Review: Doctor Sleep by Stephen King

Doctor_SleepTHE SHINING casts a long, dark shadow. As one of Stephen King’s most iconic works, it never struck me as a book that needed a sequel. So when news broke a couple years ago that King was in the process of penning one, I felt a knot of apprehension in my gut. There’s no doubt King is still capable of brilliant prose, and his imagination seems as fertile as ever, even if his writing process has slowed – but sometimes it’s best to leave things be, to ensure the memory of that original reading experience remains unscathed.

DOCTOR SLEEP is a very different beast to THE SHINING, and initially the shift in tone bothered me. I never found THE SHINING outright frightening; rather, it maintained an eerie atmosphere throughout its pages; it was tense, and my unease was almost palpable. DOCTOR SLEEP doesn’t attempt the same thing – or, if that was its intent, it fails (though I’m certain it wasn’t). Rather, this feels more like a lightweight version of one of King’s epics – a deeply personal journey involving Dan Torrance battling his demons as he combats an evil force targeting children for their ‘steam.’ ‘Lightweight’ has negative connotations, I know, but I don’t mean it to be divisive in this instance. It is a good thing that DOCTOR SLEEP maintains its focus instead of escalating into a sprawling epic, akin to, say, THE STAND. Dan is an interesting character, and contrary to my early doubts, seeing the man that the boy from The Overlook Hotel has grown into is fascinating. He starts the novel as an alcoholic, and we witness the moment he hits rock bottom with both disappointment and understanding. He survived the horrors of his youth to become – what? His father? Of course he has.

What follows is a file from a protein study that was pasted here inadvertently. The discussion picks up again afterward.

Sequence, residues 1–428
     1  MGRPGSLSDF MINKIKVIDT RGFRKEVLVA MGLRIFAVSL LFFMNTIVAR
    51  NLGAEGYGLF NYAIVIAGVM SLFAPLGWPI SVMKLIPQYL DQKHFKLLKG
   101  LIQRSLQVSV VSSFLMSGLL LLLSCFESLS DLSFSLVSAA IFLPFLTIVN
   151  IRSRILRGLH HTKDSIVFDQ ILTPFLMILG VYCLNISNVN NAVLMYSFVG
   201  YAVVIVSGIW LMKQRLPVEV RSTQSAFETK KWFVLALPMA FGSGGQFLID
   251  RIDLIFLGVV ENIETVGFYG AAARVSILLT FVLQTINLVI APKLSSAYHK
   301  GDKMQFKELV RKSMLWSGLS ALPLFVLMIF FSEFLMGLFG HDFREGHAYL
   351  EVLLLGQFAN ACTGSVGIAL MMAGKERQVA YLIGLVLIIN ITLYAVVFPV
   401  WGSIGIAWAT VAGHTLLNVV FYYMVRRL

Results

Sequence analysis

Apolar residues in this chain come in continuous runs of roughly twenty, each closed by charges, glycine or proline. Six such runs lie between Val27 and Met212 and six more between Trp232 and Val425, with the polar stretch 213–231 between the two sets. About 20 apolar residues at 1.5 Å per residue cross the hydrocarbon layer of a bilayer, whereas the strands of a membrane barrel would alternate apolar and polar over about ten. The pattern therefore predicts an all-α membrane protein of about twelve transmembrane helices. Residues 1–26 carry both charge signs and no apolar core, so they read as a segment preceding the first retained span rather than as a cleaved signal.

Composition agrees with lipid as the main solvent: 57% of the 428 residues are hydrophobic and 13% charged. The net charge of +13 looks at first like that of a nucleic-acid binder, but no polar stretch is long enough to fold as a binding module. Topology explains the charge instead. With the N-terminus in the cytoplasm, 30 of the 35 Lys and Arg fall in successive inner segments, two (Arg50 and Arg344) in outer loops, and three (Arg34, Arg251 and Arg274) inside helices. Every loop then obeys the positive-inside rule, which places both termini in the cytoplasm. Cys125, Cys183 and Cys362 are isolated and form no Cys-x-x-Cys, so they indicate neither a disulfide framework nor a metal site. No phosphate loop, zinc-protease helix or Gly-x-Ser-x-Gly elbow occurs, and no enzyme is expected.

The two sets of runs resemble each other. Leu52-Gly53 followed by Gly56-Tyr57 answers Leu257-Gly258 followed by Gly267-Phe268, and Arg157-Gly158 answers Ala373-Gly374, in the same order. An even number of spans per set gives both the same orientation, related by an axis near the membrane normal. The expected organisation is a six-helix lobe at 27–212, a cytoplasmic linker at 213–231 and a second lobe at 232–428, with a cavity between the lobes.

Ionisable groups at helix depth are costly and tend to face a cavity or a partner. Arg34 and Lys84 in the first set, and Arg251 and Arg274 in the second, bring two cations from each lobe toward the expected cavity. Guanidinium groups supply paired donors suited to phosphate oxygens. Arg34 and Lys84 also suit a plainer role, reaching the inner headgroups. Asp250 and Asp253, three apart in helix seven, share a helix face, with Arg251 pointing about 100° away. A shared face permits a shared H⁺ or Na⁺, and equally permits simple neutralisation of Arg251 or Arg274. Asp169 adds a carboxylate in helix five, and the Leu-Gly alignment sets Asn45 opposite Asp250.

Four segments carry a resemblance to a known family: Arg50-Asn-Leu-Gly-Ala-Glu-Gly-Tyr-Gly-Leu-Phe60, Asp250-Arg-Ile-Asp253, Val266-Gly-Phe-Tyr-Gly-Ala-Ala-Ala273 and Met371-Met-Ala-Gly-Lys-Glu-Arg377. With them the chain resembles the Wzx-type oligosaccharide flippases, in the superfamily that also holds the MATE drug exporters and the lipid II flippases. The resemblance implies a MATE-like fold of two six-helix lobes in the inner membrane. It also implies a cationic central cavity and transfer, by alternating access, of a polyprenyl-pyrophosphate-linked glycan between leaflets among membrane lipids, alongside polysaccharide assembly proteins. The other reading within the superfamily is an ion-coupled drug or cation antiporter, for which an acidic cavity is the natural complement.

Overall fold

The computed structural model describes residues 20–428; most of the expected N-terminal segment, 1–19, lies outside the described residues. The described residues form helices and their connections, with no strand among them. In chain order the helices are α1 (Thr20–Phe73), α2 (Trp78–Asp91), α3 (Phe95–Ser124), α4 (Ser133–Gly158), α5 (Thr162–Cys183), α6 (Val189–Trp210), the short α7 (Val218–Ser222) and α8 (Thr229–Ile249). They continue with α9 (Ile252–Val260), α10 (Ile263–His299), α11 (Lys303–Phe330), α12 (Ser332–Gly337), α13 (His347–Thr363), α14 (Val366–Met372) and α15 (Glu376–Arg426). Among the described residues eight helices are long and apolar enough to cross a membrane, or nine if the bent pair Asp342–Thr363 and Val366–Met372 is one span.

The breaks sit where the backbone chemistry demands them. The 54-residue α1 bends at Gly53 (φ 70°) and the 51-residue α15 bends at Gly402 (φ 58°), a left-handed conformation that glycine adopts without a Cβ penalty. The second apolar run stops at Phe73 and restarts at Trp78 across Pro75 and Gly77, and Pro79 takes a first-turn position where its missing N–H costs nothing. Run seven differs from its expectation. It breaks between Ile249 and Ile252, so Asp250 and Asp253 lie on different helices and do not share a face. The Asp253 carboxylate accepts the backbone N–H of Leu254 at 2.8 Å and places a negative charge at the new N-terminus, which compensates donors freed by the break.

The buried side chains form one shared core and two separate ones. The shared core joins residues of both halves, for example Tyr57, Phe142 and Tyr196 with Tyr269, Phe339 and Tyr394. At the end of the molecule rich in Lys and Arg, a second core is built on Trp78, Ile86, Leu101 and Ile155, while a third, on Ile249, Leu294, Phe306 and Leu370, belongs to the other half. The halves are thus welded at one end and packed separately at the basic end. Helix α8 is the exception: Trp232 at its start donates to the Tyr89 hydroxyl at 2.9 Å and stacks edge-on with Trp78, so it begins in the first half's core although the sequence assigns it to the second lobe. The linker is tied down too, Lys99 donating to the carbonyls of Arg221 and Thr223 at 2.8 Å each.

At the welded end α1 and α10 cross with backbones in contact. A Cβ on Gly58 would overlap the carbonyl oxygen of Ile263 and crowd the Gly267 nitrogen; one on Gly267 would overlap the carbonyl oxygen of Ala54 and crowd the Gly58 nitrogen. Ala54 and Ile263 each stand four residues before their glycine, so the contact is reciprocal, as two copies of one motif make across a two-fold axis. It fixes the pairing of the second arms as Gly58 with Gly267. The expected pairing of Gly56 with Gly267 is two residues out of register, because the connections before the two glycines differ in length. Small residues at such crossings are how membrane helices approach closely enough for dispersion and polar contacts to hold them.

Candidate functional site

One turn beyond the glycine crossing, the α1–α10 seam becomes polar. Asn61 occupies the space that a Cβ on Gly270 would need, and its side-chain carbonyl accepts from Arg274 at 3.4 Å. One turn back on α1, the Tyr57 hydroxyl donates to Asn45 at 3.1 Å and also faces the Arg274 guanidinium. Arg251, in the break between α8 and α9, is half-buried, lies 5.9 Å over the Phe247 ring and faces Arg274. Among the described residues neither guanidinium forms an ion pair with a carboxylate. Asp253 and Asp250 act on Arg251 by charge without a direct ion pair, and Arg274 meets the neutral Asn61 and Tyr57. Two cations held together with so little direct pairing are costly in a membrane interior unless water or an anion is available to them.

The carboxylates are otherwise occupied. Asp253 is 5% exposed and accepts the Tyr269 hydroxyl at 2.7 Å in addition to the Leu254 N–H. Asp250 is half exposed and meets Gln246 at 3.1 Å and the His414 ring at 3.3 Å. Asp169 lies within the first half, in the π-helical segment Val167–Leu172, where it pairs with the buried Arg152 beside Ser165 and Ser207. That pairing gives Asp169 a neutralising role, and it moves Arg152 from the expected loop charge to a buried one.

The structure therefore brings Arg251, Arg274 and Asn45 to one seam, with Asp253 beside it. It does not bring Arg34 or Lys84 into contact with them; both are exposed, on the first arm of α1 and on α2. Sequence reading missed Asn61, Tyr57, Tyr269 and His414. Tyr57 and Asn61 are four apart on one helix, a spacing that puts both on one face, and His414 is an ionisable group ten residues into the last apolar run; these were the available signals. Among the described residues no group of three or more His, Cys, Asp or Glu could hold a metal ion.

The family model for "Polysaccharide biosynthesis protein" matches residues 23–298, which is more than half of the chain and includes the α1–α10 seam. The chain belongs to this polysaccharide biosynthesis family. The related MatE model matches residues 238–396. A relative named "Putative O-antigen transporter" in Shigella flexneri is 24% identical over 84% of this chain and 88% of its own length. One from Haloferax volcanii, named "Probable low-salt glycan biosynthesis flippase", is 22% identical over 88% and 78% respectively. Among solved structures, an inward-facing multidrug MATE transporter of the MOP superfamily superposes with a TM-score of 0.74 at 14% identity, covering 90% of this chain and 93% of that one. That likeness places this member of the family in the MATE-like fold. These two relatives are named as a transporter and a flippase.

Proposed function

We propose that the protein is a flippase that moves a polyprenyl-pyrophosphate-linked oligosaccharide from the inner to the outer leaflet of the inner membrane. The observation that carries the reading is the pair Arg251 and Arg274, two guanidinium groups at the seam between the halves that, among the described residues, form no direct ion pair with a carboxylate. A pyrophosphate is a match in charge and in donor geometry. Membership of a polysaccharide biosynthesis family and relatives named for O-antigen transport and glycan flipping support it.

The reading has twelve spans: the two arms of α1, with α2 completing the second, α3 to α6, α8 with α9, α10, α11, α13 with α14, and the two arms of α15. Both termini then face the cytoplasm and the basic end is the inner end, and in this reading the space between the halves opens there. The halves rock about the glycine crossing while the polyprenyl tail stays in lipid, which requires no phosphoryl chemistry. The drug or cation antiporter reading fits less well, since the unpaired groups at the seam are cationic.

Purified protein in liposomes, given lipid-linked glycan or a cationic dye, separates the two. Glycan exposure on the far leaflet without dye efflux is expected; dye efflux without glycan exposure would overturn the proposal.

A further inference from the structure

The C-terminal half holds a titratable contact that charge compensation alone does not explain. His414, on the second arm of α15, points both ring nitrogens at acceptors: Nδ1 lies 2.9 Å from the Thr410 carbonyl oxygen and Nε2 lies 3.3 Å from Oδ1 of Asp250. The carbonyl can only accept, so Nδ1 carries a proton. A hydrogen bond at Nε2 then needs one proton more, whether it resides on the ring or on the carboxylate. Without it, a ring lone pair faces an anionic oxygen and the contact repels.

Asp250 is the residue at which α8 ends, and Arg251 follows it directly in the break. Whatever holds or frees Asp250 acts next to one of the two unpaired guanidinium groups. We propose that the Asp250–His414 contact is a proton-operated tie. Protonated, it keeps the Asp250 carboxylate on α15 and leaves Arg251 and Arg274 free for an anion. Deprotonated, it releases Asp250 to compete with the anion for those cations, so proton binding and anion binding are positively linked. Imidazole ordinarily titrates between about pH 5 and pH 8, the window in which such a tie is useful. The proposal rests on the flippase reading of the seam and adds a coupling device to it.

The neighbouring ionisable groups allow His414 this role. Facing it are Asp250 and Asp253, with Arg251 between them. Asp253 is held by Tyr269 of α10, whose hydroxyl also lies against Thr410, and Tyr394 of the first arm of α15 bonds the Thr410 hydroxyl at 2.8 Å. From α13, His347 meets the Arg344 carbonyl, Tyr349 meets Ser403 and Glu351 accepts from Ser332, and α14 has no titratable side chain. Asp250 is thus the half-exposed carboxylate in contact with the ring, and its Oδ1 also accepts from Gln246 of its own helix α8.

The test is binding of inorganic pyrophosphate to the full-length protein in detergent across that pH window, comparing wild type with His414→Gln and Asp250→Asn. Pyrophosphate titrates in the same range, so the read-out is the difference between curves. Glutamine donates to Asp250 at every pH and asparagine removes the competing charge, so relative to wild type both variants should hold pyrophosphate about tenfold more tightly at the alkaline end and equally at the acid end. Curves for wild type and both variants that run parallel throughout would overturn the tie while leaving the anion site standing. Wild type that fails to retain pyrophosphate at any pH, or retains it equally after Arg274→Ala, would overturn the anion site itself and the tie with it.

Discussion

In DOCTOR SLEEP the horrors of The Overlook Hook are replaced as antagonists by a crew of ‘steam’ sucking demons in human-form known as The Knot. They’re effective villains, but never really compelling, and not especially memorable, which is a shame, because that they been, this novel might’ve ranked a tad closer to its predecessor. The True Knot are horrible beings – vampire-esque torture-loving anti-aging freaks – but I was never frightened of them. Worse still, in certain scenes they came across as comic-booky; exaggerated villainous diatribes spilling from their mouths.

Still, that one disappointment aside, I tore through DOCTOR SLEEP quickly and loved every moment. No, it’s not better than THE SHINING, but did any of us ever truly expect it to be? Enjoy this novel for what it is rather than loading it with your own expectations and you’re in for a treat.

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